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German Business Culture

International business relationships and starting a job abroad are two of the biggest expat challenges. Before entering German business culture, many may expect certain clichés: rude and arrogant or bureaucratic and dull. In fact, Germany’s business world is far more appealing. Navigate it safely with our tips!
Formality, seniority, and hierarchy can still be important values in German business culture.

Arranging a Meeting

To start your working relationship with a company in Germany, you have to arrange an appointment first. Since German business etiquette does not approve much of spontaneity, remember to plan ahead.

Arrange the time and date of your meeting about two weeks before it’s supposed to take place. The holiday seasons around Christmas and Easter, as well as August (popular among Germans for their summer vacation), are not a good time for important negotiations or for a work-related trip to Germany.

Please note that German business culture favors the European convention for writing dates and numbers. Correspondence is often rather formal, and you should use the correct title and form of address.

  • Use formal greetings and titles and the polite kind of address (Sie).
  • Make sure your subject line is easy to understand and to the point.
  • Include a signature with your job position, contact information, and e-mail.
  • Don’t send any unsolicited e-mail attachments.

If you prefer direct communication to written correspondence, just make a phone call. In Germany, always start by saying your own name before asking to speak to another person.

The receptionist is more likely to redirect you to management if you clearly state the reason for your call and refer to any initial contact between your company and your partners in Germany. In international companies, receptionists and office assistants usually speak English, but this may not always be the case.

The predominant language in Germany’s office world is, obviously, German. Most upper-level executives or younger Germans with international experience speak English with near-fluency, though.

However, older Germans in particular may be uncomfortable with using an international lingua franca in their native country. Germany’s younger generation, on the other hand, will not mind conducting a meeting in English or another foreign language. Check which option your contacts prefer and if you need an interpreter or translator.

Dress Code

When you prepare for a meeting, you’ll want to make sure that you meet the dress code in German offices. Erring on the conservative side, especially in finance or insurance, is a useful rule of thumb.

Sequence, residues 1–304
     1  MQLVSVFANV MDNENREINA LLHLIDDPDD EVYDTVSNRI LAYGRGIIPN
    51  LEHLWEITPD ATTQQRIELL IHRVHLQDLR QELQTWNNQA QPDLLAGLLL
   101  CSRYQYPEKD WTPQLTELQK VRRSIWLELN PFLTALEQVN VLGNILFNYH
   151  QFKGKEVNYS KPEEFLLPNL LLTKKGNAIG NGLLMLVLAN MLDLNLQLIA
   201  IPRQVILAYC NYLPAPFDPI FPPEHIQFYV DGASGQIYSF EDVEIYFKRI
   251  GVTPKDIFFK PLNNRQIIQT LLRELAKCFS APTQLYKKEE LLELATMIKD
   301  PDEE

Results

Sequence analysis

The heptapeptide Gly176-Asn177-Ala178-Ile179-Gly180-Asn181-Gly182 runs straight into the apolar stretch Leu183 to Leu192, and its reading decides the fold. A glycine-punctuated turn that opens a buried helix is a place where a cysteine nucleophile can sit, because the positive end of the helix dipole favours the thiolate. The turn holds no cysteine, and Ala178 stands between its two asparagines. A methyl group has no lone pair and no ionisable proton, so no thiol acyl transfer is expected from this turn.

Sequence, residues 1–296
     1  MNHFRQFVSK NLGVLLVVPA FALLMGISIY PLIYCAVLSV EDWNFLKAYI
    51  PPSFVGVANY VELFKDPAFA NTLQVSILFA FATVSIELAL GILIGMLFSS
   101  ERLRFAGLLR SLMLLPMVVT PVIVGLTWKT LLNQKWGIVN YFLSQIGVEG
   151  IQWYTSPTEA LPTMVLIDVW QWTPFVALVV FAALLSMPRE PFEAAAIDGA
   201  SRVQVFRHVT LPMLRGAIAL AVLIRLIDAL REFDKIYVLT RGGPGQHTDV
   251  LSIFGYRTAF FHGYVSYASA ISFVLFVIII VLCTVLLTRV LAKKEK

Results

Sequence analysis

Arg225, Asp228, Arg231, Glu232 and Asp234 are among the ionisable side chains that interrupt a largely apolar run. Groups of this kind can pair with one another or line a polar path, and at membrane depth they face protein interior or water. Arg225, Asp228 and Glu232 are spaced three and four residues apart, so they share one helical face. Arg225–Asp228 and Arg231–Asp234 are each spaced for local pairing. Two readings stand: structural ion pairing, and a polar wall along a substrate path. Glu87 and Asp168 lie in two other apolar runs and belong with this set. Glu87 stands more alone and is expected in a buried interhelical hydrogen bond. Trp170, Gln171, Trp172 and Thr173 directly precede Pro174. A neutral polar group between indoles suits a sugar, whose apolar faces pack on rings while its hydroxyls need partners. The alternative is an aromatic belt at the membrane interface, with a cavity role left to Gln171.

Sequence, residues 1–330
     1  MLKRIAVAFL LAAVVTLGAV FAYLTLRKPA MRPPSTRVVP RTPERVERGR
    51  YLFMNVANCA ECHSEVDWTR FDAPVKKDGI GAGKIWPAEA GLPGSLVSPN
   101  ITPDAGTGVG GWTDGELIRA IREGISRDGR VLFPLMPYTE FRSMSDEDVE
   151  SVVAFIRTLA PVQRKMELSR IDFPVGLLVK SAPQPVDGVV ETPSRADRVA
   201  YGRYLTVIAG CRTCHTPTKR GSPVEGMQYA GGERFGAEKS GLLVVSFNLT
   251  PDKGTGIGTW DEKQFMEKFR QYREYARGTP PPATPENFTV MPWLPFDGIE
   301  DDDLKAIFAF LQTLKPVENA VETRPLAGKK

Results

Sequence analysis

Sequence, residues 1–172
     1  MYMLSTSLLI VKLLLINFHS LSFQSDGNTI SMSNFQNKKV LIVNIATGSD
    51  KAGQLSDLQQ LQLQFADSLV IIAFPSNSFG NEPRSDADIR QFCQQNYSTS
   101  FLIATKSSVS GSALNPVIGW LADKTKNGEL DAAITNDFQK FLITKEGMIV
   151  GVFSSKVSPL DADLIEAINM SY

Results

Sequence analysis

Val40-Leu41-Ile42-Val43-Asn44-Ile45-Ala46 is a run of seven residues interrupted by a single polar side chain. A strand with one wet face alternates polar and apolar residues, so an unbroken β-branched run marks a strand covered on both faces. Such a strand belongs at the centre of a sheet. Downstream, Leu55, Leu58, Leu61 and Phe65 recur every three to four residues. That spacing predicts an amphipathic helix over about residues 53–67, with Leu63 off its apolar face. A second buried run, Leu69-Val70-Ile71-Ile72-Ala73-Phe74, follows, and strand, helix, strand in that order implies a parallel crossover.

• Men wear a dark suit with a white or light-blue shirt and a tasteful tie.
  • Women go for a pantsuit or a blazer/skirt combination in black, navy, or beige, with a simple blouse or elegant shirt. Tight or revealing clothing is frowned upon. Don’t forget the pantyhose!
  • Both genders should avoid ostentatious jewelry, as well as visible tattoos or piercings (a pair of earrings for women excepted).
  • Choose neat, clean clothing and well-polished, sturdy shoes. Women wear closed pumps with lower heels in black, dark blue, brown, or beige.

This dress code doesn’t apply to German business etiquette as a whole, though. Lots of blue-collar workers wear a work uniform anyway.

White-collar employees at a lower hierarchical level or back office assistants without customer contact often dress less formally. In many start-ups, IT companies, or advertising agencies, casual or trendy clothing is perfectly acceptable. Just have a look at what everybody else is wearing, and choose your own clothes accordingly.

Meetings 101

Apart from adhering to the dress code, you should arrive well-prepared. If you need any special office equipment, for instance for a presentation, you should enquire for it well before the meeting.

The preferred venue for a formal meeting is a conference room. If you are invited to a German office, there are some cultural particularities to take into account: "open-door policies" are not common everywhere.

Privacy is highly respected. Do not barge into an individual office for informal interaction unless you know the other person really well. Rather knock on a closed door and wait until asked to enter, or ask the office assistant for access to executive staff.

Most meetings take place during office hours in Germany, i.e. between 8 am or 9 am and 5 pm or 6 pm, although employees have some flexibility in scheduling and structuring their work day. Please also note that while local culture places an emphasis on hard work, Germans often prefer to keep the evening free from business commitments.

Furthermore, in accordance with all stereotypes about Germany, punctuality is essential. It’s better to be five to ten minutes early than to keep your contacts waiting.


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